An anime with a cult following, a popularity high enough to warrant an entry on the cult-favorite lists, is not a rare occurrence in anime.
But for the last three decades, anime fans have generally found anime less attractive than most other media, as they struggle to reconcile their devotion to anime with the reality of the medium’s prevalence.
Anime fandom is also highly individualistic, as the average anime fan is a self-selecting audience who has never had the chance to watch a mainstream series.
“You can’t say that you’re not a fan of something just because it’s not a mainstream show,” says Kyoji Horiuchi, who has worked in anime marketing for 20 years and is the president of anime production company AIC Entertainment.
“In fact, we have to keep it simple to make it seem like a mainstream title.”
For years, the idea that anime is inherently more “cult-ish” than any other medium has been the subject of heated debate among fans.
As a result, a common complaint among anime critics has been that anime has become a more “socially acceptable” medium than other forms of media, and this is not always the case.
A recent survey of anime fans by Nielsen Media Research found that 80 percent of anime enthusiasts say they watch anime for the same reasons as fans of any other type of media.
That is, they watch it because it appeals to them personally and because it is fun to watch.
“For many fans, anime is their gateway drug to the genre,” Hori, who also works at the company, says.
“A lot of people like to watch anime as an escape, as a way to get away from work, and to have fun.”
But the problem for many anime fans is that anime fans often don’t see themselves as part of any cultural community.
Anime is often marketed to children and teenagers as a fun escape, but many fans don’t have the patience to wait a year or two to catch up on an entire season, or even months.
Even anime fandom that is well-liked by its own members is often criticized for its casual approach to fandom, which often comes across as a lack of dedication to the medium.
Many fans also complain that anime fandom has become too obsessed with fan service and that anime creators don’t seem to care about their characters, as evidenced by the recent outcry over the popular characters “Sasuke” and “Rurouni Kenshin.”
It’s a common misconception among anime fans that anime can be enjoyed by anyone.
“If a fan likes something, then they’ll likely enjoy it,” Horid says.
But the reality is that many anime viewers tend to have different interests than the average person, so many of them aren’t always able to connect on a deeper level.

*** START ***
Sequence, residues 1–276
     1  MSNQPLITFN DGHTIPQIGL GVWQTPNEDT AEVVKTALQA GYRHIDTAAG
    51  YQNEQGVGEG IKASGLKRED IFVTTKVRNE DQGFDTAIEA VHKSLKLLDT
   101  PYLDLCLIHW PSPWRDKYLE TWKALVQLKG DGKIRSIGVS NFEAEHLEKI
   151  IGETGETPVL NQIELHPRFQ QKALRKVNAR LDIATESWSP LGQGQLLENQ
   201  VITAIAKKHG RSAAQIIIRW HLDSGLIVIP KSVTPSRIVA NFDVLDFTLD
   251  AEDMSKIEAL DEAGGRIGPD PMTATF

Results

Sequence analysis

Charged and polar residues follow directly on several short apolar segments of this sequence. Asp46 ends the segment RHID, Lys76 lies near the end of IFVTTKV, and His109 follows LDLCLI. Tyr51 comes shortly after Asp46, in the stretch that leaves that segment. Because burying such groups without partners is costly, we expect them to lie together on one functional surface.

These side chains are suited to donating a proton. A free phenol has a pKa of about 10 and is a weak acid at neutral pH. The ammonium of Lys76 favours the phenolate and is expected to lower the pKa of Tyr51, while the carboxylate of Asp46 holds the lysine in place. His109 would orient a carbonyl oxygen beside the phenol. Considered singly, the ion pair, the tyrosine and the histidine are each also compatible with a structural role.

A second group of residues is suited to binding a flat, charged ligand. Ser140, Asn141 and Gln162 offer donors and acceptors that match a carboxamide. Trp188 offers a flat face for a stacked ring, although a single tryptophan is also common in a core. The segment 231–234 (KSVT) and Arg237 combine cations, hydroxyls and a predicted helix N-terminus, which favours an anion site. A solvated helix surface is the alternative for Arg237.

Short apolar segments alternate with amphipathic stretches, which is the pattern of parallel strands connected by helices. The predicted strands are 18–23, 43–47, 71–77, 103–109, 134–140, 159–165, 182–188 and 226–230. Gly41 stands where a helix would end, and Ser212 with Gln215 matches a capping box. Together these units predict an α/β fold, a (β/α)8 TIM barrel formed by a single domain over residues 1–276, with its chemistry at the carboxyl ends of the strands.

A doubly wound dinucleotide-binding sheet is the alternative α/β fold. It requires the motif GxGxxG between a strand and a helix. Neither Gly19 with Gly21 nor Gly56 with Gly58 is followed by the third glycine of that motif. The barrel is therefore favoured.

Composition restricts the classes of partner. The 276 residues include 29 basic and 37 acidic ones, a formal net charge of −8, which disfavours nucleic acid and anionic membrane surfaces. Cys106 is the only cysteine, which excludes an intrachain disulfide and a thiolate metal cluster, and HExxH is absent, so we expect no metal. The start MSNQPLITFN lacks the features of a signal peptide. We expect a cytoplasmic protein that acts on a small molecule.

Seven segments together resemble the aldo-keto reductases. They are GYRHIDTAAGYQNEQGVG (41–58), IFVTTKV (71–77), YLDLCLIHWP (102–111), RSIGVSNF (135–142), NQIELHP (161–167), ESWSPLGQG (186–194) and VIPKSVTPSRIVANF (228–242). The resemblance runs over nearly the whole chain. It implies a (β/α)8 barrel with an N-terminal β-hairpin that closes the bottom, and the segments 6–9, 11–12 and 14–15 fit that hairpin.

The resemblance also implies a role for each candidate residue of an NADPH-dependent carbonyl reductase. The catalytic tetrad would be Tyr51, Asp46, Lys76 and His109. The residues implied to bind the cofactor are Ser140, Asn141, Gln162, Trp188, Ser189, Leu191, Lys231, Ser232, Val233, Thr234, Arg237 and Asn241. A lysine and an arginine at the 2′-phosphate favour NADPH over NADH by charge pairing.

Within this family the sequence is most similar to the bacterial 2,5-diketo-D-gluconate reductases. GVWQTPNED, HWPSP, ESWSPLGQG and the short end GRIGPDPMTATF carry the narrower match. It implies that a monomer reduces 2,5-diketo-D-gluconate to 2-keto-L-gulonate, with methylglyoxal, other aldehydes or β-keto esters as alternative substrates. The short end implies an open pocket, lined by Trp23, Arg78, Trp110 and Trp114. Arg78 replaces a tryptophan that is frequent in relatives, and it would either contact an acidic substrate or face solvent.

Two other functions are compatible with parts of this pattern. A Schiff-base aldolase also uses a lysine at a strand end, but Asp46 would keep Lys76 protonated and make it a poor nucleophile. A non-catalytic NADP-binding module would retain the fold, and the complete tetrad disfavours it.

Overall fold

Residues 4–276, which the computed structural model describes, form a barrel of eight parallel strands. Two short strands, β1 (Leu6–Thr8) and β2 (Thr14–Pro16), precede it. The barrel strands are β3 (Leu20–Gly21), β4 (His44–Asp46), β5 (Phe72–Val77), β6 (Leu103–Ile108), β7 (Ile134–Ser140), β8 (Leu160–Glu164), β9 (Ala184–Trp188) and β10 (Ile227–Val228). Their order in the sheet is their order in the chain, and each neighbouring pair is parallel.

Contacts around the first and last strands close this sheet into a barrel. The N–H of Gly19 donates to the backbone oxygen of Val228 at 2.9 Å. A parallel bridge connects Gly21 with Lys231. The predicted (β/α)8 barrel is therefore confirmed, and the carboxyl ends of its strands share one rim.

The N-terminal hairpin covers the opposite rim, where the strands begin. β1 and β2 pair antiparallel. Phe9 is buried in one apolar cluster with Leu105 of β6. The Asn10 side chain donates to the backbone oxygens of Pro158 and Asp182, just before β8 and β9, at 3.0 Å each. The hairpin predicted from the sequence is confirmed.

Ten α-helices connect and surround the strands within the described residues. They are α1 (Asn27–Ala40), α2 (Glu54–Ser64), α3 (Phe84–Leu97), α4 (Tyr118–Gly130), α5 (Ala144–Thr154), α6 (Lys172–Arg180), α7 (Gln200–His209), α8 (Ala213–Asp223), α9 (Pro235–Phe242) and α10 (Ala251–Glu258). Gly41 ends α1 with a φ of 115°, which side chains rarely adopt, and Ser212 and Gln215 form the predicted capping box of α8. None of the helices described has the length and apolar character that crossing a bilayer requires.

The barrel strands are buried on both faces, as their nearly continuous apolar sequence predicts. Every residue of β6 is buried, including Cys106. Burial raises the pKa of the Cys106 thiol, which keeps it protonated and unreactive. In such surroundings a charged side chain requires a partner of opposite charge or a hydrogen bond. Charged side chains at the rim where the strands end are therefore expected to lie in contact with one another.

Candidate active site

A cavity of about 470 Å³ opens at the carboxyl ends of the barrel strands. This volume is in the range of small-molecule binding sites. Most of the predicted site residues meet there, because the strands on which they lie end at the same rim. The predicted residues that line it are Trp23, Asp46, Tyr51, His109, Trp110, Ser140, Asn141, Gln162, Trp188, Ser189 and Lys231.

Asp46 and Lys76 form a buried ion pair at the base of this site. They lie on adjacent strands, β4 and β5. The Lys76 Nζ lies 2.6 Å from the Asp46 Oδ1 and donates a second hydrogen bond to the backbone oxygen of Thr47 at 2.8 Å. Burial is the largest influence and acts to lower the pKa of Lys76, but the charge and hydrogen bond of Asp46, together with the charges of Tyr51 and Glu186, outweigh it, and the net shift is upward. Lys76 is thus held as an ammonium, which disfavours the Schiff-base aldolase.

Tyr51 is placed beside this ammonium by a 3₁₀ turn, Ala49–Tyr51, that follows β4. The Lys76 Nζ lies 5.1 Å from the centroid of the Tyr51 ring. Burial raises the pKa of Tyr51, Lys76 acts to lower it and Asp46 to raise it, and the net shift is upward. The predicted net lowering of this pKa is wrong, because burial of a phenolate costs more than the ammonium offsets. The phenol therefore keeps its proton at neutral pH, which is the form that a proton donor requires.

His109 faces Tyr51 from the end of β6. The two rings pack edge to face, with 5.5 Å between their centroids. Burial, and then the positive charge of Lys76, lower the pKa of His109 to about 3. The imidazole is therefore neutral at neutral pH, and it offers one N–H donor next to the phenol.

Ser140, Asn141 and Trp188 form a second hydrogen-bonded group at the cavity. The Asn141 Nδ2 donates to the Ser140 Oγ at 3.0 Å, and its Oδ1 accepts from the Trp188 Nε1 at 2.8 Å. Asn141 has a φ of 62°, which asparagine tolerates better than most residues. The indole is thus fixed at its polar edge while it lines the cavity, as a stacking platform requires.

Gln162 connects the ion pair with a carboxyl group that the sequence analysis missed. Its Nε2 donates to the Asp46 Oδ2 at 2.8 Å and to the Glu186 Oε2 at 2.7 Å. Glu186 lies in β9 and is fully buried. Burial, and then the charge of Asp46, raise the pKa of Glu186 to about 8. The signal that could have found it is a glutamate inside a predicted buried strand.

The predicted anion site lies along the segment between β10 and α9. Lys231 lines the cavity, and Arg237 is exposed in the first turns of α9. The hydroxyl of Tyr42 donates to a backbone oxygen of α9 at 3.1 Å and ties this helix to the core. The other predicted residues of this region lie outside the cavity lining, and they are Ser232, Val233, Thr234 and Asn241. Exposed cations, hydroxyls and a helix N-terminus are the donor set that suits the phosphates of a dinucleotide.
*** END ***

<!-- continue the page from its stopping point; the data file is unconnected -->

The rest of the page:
“People who are not fans of anime tend to be very lonely,” Horio explains.
“They don’t want to share it with anyone.”
The main problem for anime fans who don’t find the mainstream to be appealing is that they feel alienated by the mainstream culture, which is often a barrier to getting into anime.
“I don’t think the people who watch anime are looking for anything to aspire to,” Horo says.
“[But] if you look at the anime that’s been successful and that’s really popular, then that’s probably because it reflects a certain social or cultural norm.”
That norm may be seen as an obstacle to fandom in anime, which Hori calls “the only anime we know that’s successful and has a huge fanbase.”
Anime fans are also concerned about the effect of the industry’s recent shift toward more mature themes and content, which may have contributed to the popularity of anime that features more explicit and violent content.
“It’s becoming very obvious that the industry is more mature now, so I think we have a greater awareness of that,” Horiat says.
In response, the industry has begun to reevaluate its image, particularly its focus on “adults.”
Many industry executives have stated that they are looking at the industry from an adult perspective, and the industry seems to be moving in the right direction.
“When we first started, we weren’t doing that much marketing,” Horibuchi says.
That has changed in recent years, especially in the last two years, with anime producers now spending more time creating anime for younger audiences, and even airing TV anime specials that were previously exclusive to anime channels.
But while these initiatives have been successful, Hori believes the industry needs to make changes.
“There’s no doubt that it’s hard for us to change the world as a whole,” Horita says.
The future of anime will likely be determined by the people in charge, not by the creators, Horie says.
While anime fans are often passionate about anime, Horiy says the industry as a concept is still evolving.